Archive for February, 2010

Many thanks to Amy who was a commenter on the post about the Hank Williams ‘Last Ride’ movie being filmed in Benton Arkansas.

Amy has sent me some photos of the film shoot with some great pictures of the star Henry Thomas dressed as Hank Williams.

Here’s a third photo of Henry:

Finally Jesse James who plays Charles Carr and the Caddy.

Thanks so much Amy. I’m sure people really appreciate being able to see these pictures and get a preview of what the movie will look like.

I can’t believe I actually managed to get these imported. I’m a computer klutz, and this is a first!!

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The news is out that filming of a biographic movie of Hank Williams’ final days is underway in Benton Arkansas. The movie is directed by well-known TV and film director Harry Thomason. His wife Linda Bloodworth- Thomason is also a prominent figure in Hollywood.Their credits include Designing Women and Evening Shade on TV.  The movie is tentatively called ‘The Last Ride’.

You may recall that I wrote about this project earlier and a commenter on that post explained to us that shots of a vintage 1951 Cadillac were being taken in the Oak Hill West Virginia area. Thomason was involved in the West Virginia shoots although there are different producers mentioned for the two projects. Jeff Queen from Alabama  was the first producer, but this film is being co produced by Tim Jackson and Josh Miller of Category One Entertainment in central Arkansas. They  are both  Arkansas natives as is Thomason. The movie is being produced under a new Arkansas film production incentive program.

I have also written on plans for a full scale Hollywood style biography  of Hank Williams, but I  haven’t seen any recent news on that one. You would have to expect that there couldn’t possibly be three new films on Hank’s life.

The production company has transformed downtown Benton, changing store fronts, and signs and bringing in a fleet of local vintage automobiles. The Benton Courier newspaper has a good write-up and picture here.

Henry Thomas played Eliot in ET many years ago, Here’s a picture of him as he looks now beside a picture of Hank.

Here are links to my previous posts.

The major motion picture announcement.

Here’s the link to the earlier ‘Last Ride’ post based on the announcement of a film by an Alabama company.

This post also contains a lengthy comments section with a video from Jake Penrod, and a post and link to the Harriman Tennessee Princess Theatre project which was involved in the vintage auto filming  which took place around Oak Hill West Virginia.

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The shattering rendition of Hank Williams’ ‘Alone and Forsaken’ on the Haiti benefit broadcast smashes open a door many have looked through for a long time.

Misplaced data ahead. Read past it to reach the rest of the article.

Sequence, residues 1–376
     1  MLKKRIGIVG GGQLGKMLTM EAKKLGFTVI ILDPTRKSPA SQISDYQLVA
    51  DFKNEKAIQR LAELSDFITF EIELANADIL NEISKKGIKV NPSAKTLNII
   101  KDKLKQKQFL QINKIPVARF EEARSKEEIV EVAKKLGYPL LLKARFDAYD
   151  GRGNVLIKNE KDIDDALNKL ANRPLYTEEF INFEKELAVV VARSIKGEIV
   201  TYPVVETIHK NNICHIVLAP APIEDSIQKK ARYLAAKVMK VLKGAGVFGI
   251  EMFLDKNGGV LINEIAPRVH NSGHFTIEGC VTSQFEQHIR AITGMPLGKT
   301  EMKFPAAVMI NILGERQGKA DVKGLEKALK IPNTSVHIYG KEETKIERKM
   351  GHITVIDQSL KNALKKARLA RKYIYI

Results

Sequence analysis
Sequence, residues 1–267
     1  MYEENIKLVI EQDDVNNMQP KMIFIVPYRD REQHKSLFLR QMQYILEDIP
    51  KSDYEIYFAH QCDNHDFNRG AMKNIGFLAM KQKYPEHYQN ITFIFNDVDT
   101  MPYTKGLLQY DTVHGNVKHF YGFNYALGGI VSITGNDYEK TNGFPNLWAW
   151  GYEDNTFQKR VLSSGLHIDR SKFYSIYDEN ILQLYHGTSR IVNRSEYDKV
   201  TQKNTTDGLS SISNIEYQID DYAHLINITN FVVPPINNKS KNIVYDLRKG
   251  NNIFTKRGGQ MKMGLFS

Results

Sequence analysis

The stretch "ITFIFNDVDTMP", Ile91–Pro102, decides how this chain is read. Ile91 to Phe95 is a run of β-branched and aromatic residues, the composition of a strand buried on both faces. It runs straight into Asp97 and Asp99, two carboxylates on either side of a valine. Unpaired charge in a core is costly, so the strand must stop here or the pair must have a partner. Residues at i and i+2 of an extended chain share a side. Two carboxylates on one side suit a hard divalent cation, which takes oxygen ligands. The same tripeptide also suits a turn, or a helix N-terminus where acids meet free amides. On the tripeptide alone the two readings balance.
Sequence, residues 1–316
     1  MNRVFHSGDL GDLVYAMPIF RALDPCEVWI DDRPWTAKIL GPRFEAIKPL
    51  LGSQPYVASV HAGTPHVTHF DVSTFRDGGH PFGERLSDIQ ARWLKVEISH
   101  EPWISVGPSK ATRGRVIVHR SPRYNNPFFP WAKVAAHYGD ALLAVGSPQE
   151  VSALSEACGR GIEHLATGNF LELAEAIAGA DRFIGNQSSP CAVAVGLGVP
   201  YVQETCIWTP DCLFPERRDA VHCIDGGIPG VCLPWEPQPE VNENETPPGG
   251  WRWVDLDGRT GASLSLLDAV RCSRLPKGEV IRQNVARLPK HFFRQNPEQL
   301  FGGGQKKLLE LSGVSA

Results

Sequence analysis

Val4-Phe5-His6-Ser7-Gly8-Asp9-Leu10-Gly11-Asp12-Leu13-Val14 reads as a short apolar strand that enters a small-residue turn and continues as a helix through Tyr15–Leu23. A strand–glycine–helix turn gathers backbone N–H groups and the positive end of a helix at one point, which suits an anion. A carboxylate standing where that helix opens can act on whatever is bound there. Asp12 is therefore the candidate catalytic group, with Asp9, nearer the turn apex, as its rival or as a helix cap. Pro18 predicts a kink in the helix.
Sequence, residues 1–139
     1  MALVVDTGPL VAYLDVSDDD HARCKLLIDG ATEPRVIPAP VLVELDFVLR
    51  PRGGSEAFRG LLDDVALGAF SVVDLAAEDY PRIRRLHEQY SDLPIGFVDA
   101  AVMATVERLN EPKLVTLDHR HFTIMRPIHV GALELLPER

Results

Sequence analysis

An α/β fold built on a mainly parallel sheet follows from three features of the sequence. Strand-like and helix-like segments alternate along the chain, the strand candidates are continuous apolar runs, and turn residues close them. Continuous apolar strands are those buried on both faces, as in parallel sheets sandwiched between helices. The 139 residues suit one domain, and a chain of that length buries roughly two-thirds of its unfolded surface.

With its  unflinching despair, Hank Williams’ song, performed by Dave Mathews and Neil Young near the end of the program, seared into the hearts of many, who heard it in conjunction with the Haiti disaster:

We [Am] met in the springtime when blossoms unfold
The pastures were green and the [Em] meadows were [Am] gold
Our love was in flower as summer grew on
Her love like the leaves now has [Em] withered and [Am] gone.

The roses have faded, there’s frost at my door
The birds in the morning don’t [Em] sing any-[Am] more
The grass in the valley is starting to die
And out in the darkness the [Em] whippoorwills [Am] cry.

A-[F] lone and forsaken by [C] fate and by man
Oh, Lord, if You hear me please [Am] hold to my hand
Oh, [Em] please under-[Am] stand.

Oh, where has she gone to, oh, where can she be
She may have forsaken some other like me
She promised to honor, to love and obey
Each vow was a plaything that she threw away.

The darkness is falling, the sky has turned gray
A hound in the distance is starting to bay
I wonder, I wonder – what she’s thinking of
Forsaken, forgotten – without any love.


Nothing in the program with all the superstars, the poets, the singers, the writers, nothing more honestly and graphically caught the utter  destruction for both nature and man of an earthquake,  hurricane or any other horrible explosion out of the sky or earth.

Of course at one superficial level this is a song of love gone wrong. But what writer would unleash such language to deal only with the up and downs of human relationships?

Notice how incidental, how unimportant the love story is to the main message being driven forward by the power of the imagery piling up line by line. And notice how the first line of the refrain so purposefully brings to mind picture of Christ on the cross and his final words.

The door which opens to all  who hear Hank Williams both the voice and the expression as well as the words and mournful melodies, is the realization that these mean more than what they say, they are  metaphorical. They tell us as much about Hank Williams gazing into the mysterious abysses and joys of human life on earth as they do into breakups, divorces, marital warfare and reconciliation.

For Hank Williams, who wrote many purely philosophical  or religious works such as ‘I Saw The Light’ and recorded many standard southern hymns, ‘Alone and Forsaken’ shows that for him as a writer the male female relationship, while often a central subject, could also exist as something of a coat hanger on which it was possible to hang a more elaborate wardrobe.

‘Hope for Haiti Now’ brought it all back in a few moments, fortunately witnessed by probably 100 million people.

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